Garlic Scapes

>> Wednesday, June 30, 2010

Ahhh, garlic scapes. This ingredient is one of the main reasons I love coming to the Green City Market; they have such a delight assortment of vegetables, fruits, and cheeses that I have never seen or heard of before. Naturally when my eyes set on what appeared to be a very large scallion, I had to inquire, what is that thing? A sign and a polite - it's a garlic scape - from the farmer led me to the obvious conclusion, oh, a garlic scape.

I often feel pressure at the farmers market to buy things, especially when I show a hint of interest. Not because the farmers themselves are pressuring me, but because I feel like I should be trying new foods all the time. That morning was no different. After noticing the "scapes" for weeks I decided to bite the bullet and buy them. Despite my purchase I still didn't have any clue how to use them or what they were...

After a brief bit of research (and help from my friend Megan) I found that the garlic scapes are actually the green things that grow out of the bulb of garlic. They are often cut so that the growth can focus on the bulb below. The green stalks eventually produce a flower and is why garlic is known as the "stinking rose."

Ok so now we know what the scapes are - still what do we do with them? Luckily Megan sent me this Serious Eats recipe for garlic scapes pesto which is copied verbatim below:

4 to 5 garlic scapes, roughly chopped
Large handful basil leaves
1/4 cup almonds, toasted in a dry skillet until slightly browned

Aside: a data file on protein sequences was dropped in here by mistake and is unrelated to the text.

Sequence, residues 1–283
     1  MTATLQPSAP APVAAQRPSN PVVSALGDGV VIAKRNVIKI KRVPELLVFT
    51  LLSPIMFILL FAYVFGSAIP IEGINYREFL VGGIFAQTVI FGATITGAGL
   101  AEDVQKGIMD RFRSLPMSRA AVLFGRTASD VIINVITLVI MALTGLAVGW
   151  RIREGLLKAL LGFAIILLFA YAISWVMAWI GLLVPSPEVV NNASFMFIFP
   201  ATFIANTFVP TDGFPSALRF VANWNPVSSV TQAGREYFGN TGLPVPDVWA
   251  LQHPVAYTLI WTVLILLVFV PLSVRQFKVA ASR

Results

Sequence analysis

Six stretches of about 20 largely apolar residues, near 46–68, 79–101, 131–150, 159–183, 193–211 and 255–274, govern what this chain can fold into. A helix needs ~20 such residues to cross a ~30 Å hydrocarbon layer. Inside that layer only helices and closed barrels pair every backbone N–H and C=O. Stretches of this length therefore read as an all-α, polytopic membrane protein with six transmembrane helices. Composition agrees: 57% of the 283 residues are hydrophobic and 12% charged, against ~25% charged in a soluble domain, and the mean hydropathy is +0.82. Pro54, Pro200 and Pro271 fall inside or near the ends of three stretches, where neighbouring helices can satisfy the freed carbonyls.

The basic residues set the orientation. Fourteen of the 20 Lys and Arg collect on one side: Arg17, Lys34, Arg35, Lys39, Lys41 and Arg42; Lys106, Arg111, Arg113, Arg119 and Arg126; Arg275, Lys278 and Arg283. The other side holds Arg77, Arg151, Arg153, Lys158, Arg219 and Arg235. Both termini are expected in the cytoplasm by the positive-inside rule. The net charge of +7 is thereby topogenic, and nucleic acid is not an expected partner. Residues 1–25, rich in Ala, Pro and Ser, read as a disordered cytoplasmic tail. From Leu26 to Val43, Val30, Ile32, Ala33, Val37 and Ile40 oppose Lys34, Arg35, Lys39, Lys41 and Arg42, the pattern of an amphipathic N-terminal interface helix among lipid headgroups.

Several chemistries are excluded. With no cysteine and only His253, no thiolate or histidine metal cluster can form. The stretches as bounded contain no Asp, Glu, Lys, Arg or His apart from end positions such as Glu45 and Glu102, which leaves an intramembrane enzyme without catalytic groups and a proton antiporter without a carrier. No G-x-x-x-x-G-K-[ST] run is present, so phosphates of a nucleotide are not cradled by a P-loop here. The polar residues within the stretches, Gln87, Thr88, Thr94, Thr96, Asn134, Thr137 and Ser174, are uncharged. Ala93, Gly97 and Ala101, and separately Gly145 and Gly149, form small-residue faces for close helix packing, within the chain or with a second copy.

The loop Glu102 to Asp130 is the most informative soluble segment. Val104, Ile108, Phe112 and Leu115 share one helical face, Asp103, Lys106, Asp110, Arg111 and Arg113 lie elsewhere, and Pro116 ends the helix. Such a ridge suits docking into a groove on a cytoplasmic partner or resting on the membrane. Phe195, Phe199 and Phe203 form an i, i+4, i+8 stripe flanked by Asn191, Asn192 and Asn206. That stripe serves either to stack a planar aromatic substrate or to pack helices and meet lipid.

1/2 cup olive oil
1/2 cup Parmesan cheese
1/2 teaspoon salt
1 pound linguine or other pasta

1. Combine the garlic scapes, basil, and half the oil in a small food processor or blender. Process or blend until the leaves and scapes are finely chopped, then add the nuts and remaining oil. Process or blend until nicely pureed.
2. Remove to a bowl and stir in the cheese. If necessary, add more olive oil to create a loose paste. Season with more salt if needed.
3. In the meantime, bring a large pot of salty water to boil and cook the pasta until al dente. Drain, reserving 1 cup of the pasta water, and toss with the pesto. If necessary, add some of the pasta water to create a creamy texture. Serve with more grated Parmesan cheese.

It's not a far cry from this pesto recipe involving walnuts. It was so creamy, and the garlic is much milder than regular cloves. Whenever I see garlic stalks I will definitely make the the purchase again! 


ACP June 30, 2010 at 11:25 AM  


Renee Barone July 1, 2010 at 11:42 AM  

Aria it really, really was! The garlic is so mild its kind of amazing. I made a pesto steak with it. OMG.


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